Optimism from both the United States and China over trade negotiations. U.S. officials are confident of a “phase one deal”.
China’s Ambassador to the U.S. also believes a deal could be imminent.
He made the comments at a major conference on U.S.-China economic relations.
CGTN’s Wang Guan reports.
After nearly two years and 13 rounds of high-level consultations, Beijing and Washington once again said they are close to a deal. Despite the 24-hour news cycle and shifting headlines coming out of Washington, China’s top diplomat to the United States, believes the two sides will pull it off this time around.
“I believe that we will be able to make a mutually-beneficial deal, as long as we both show sincerity and reach out to each other on the basis of equality and mutual benefit,” said Cui Tiankai, China’s Ambassador to the U.S.
Cui made the remarks at the Horasis China Meeting, a conference that has been called the “World Economic Forum for emerging markets.”
Cui also used the occasion to reject statements by hawkish Washington strategists who favor the “decoupling” of U.S.-China relations.
“This is neither rational nor realistic, ” Cui said. “Because to decouple from China is to decouple from opportunities, it is to decouple from a hopeful and developing world.”
Two Republic governors from so-called “red states” that voted for President Donald Trump back in 2016 echoed that sentiment. They said the tariff war has hit local farmers hard and they want U.S.-China economic relations to be restored sooner, rather than later.
“This tariff disputes that we’ve had has dramatically impacted South Dakota,” said Kristi Noem, the Governor of South Dakota. “We are seeing as a state where their incomes…um..there are less opportunities, lower prices, our farmers cash aren’t flowing quite well and they are struggling. And we’d love a finalized agreement with China and get it across the finish line.”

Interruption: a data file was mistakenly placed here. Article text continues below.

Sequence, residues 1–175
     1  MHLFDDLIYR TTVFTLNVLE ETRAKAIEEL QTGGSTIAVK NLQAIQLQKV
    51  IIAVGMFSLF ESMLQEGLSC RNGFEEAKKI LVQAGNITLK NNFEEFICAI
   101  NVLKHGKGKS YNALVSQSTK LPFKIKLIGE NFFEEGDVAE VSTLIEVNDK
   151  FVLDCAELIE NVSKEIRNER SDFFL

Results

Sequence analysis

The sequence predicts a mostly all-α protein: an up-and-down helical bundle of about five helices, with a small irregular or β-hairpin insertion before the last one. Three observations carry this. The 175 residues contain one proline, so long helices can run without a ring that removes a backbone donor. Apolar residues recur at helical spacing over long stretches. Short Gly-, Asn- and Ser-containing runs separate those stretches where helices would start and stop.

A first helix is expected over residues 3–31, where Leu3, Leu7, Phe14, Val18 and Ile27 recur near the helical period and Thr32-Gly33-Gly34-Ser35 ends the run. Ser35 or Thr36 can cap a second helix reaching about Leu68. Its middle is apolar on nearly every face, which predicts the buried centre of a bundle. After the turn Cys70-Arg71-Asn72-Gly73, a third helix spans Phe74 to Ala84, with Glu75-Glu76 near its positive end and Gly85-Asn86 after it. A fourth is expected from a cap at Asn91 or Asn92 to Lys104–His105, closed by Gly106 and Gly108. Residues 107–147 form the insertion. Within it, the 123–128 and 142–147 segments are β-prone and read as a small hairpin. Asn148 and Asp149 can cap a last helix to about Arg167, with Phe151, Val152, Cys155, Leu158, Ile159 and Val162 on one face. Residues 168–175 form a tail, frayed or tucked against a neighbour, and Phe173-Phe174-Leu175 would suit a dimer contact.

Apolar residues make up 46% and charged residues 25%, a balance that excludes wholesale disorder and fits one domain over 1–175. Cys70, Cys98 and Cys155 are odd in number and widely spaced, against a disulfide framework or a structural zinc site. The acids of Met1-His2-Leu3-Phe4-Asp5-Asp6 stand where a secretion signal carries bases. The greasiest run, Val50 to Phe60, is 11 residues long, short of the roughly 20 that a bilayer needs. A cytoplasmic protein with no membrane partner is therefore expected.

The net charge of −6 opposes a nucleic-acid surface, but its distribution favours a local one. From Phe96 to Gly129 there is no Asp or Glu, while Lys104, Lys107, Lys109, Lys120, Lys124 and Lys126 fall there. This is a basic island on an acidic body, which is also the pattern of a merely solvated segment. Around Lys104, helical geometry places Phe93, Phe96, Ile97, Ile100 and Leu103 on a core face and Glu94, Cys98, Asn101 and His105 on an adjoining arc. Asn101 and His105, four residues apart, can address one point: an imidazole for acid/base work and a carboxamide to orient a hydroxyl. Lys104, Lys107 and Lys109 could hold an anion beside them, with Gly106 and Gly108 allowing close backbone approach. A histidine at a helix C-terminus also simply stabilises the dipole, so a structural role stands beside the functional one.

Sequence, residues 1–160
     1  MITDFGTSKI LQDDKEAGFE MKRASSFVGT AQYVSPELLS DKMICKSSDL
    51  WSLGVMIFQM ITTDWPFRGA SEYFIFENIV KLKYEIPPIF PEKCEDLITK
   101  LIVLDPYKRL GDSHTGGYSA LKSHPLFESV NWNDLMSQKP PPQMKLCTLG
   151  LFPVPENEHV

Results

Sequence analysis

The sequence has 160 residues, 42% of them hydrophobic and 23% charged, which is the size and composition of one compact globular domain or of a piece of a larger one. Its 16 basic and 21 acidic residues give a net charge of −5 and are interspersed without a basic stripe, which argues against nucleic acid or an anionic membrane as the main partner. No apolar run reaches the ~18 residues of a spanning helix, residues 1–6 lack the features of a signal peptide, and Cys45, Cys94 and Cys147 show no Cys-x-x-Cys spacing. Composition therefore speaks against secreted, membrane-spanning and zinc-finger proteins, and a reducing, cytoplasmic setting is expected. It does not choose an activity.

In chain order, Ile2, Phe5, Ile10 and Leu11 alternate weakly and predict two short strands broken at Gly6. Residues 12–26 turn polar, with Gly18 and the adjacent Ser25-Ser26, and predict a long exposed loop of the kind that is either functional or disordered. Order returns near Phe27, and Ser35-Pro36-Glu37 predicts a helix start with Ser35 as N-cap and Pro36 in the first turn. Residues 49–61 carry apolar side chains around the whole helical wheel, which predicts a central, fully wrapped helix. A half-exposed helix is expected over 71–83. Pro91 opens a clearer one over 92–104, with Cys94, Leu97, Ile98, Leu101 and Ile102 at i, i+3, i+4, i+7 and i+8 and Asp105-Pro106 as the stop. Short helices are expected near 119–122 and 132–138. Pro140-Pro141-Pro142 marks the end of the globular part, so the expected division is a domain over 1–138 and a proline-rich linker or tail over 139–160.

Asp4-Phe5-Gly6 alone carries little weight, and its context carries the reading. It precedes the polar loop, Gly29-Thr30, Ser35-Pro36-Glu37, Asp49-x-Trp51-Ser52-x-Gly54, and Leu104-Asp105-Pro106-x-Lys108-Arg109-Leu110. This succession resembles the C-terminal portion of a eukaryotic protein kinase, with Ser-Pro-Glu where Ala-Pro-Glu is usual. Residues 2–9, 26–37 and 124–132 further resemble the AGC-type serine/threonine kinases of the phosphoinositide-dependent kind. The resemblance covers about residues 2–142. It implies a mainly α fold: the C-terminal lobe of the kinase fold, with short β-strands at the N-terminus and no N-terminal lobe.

Pete Ricketts, the Governor of Nebraska also stable market conditions for his state’s farmers to export its products.
“The state of Nebraska is about half of all the U.S. beef that is going to China,” Ricketts said. “What we’d like to see is just a consistent and growing market place to have our farmers and ranchers be able to sell their agricultural goods.”
Bringing together around 300 participants from U.S. and Chinese business and government communities was Frank-Jurgen Richter, aa former director of the Swiss-based World Economic Forum. He is now the Chairman of Horasis, a think tank that is also based in Switzerland.
“They all hope we will overcome these issues.The reason they are all here is to meet their U.S. counterparts, to engage in joint ventures and joint investments and in technology exchange,” Richter said. “Despite all these issues, business is going on, on the company to company level.”
Chinese President Xi Jinping and U.S. President Donald Trump were supposed to announce a deal at a leaders’ meeting of the Asia Pacific Economic Cooperation forum, better-known as APEC, in Santiago, Chile, but the meeting has since been canceled by Chile due to growing unrest in the country.
Despite the cancellation, statements from Beijing and Washington suggest the two sides are still aiming for a November signing. The White House said over the weekend that U.S. and Chinese negotiators have made “enormous progress” toward finalizing a phase-one agreement, although the deal was not yet 100% complete.